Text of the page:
The 2016 edition of the Macao International Environmental Co-operation Forum and Exhibition (MIECF) kicked-off yesterday morning at the Venetian Macao Ballroom, in the presence of high ranking officials from MSAR, Hong Kong and from several regions of mainland China.
In its ninth edition, the event elected “Green Economy – Opportunities for Waste Management” as the theme for this year.
Addressing the audience in English, the Macau SAR Chief Executive, Chui Sai On said in his welcoming speech, “Environmental protection is one of the main policies of the Macau SAR government. We are striving for a balance between environmental conservation and development by building a low carbon city and enhancing the growth of environmentally sustainable industries,” adding that “[the government] is committed to reducing the waste of resources and promoting separation as a recycling policy in order to improve waste management. Macau is taking all kinds of measures to implement the Macau solid waste resource management plan so as to lay an important foundation for creating a green and low carbon city,” Chui said.
During the introductory keynote address that followed the opening ceremony, Xu Nanping, Vice-Minister of the Ministry of Science and Technology of the PRC, reiterated the words of President Xi Jinping that described the environment as something “irreplaceable,” explaining the efforts that the central government is taking towards environmental protection at different levels.
In this field, Xu recalled the advances that have been achieved by his Ministry, “we have been promoting the development of environmental protection technologies as well as a balanced development of the different fields in this area,” he said, adding that the government’s initiative, the “Blue Sky Project” is a good example of how the Central government is “pushing forward” to meet the needs of environmental protection in its aim towards wellbeing in both “economic, environmental and social” aspects.
One of the invited guest speakers to address the keynotes was Professor Walter Stahel, a professional in the field with extensive knowledge and experience and well-known for being a pioneer in what is called the “Circular Economy.”
Prof Stahel, used his time to present to a room packed with delegates and field professionals on thte “Circular Economy” and on its advantages in terms of waste reduction. He started by saying “the objectives of a green economy are to prevent waste and to manage resource stocks,” illustrating his idea with the example of the “Christmas Tree” that undergoes a simple treatment (incineration) or it can be put through a “labor intensive process” of dismantling the product for reuse or recovery of all or most of its materials.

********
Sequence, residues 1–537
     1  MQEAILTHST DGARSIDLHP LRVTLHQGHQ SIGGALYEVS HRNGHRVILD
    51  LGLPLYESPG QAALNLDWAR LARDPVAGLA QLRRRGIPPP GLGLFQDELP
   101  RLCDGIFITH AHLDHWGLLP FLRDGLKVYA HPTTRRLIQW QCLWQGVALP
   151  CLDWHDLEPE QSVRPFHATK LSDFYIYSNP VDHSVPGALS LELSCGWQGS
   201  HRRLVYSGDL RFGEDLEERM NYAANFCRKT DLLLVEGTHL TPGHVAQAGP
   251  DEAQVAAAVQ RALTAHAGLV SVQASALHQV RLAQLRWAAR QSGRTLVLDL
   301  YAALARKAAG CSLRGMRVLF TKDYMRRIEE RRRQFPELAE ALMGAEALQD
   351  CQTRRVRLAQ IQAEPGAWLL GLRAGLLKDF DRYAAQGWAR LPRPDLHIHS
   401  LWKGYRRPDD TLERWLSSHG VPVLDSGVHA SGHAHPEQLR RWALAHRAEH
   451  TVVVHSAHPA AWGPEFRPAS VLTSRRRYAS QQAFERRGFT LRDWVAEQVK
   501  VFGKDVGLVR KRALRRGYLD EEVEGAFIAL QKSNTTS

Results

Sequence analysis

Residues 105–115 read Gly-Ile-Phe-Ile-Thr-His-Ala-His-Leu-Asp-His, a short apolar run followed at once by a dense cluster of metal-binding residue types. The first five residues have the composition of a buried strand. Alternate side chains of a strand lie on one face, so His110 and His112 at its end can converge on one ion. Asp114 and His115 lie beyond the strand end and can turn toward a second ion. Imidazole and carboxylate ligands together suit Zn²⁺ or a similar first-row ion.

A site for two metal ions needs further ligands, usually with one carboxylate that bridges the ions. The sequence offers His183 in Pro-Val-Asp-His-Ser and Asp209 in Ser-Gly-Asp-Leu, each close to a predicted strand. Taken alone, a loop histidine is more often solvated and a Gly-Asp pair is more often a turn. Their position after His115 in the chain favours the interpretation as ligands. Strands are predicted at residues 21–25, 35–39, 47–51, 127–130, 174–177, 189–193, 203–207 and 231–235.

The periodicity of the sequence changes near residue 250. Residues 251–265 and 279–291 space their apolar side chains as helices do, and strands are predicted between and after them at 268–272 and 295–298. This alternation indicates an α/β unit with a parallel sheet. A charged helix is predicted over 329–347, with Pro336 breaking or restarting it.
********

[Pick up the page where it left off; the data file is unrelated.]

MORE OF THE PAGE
In Prof Stahel’s opinion that same example can be used for almost everything, pointing-out the advantages of the use of the “labor intensive process,” since this process not only benefits by creating less or no waste but creates a “local economy” that will create jobs and other possibilities around it.
Prof Stahel also explained how this process is also profitable stating “reused goods are usually one-third less expensive than the most cost efficient manufacture of a new one,” adding that this also creates a “logistic advantage” as the products are processed locally creating what he called a “consumer caring or teddy bear effect.”
“The more you use a product, the more you spend on labor and on local labor [shall lead to the] return of your investment in a product to grow about 5 times. This is what CEOs and CFOs are really interested in hearing.”
Although he makes the clear assumption that “this model is not of interest to the manufacturing industry, it has to be based on a political decision that will then have an effect on the economy. Manufacturing will always be needed to introduce new products and new ideas,” he said, concluding: “The product use is what we should focus on now.”
This new era, as he named it, will be the “Era of R,” transforming the 3R policy (Reduce, Reuse, Recycle) in “Reuse, Repair and Remanufacture (for technological upgrading).”
Prof Stahel pointed to the future as the time when we can “recycle atoms, slip molecules…,” stating, “whoever manages to control that process first will have a very big competitive advantage.”
In his opinion, waste is merely “abandoned resources,” stating that in order “to prevent waste we need to give it a value or make someone liable to pay for it,” he said.
Another aspect that Prof Stahel thinks is still lacking in economies is that “time” factor. He said, “we need to introduce time into economic thinking.” Time will be the factor that will promote profit, exemplifying this concept with a road bridge, which instead of being built and supported by the government was privately built and financed under a 78-year contract that will allow the investors to take profit exclusively from the toll fees to be charged over that period of time.
“Design and build things on your own. If you do things right you will get the profits in time by doing basically nothing,” he stated adding that people in general need to rethink what the economy is about and steer away from the idea of ownership and engage in the ideas of “rent, lease and share,” in order to “buy performance.”
The inventor of the “Cradle to Cradle” and “Performance Economy,” concluded by saying, “the interesting thing in all this is that there is nothing new here, we have been doing this for ages, we just don’t realize it. The idea of a permanent economy was introduced by Aristotle about 2000 years ago,” he concluded.
The MIECF will be running until April 2 when a “Green Public Day” will be open to the public from 10 a.m. to 5 p.m.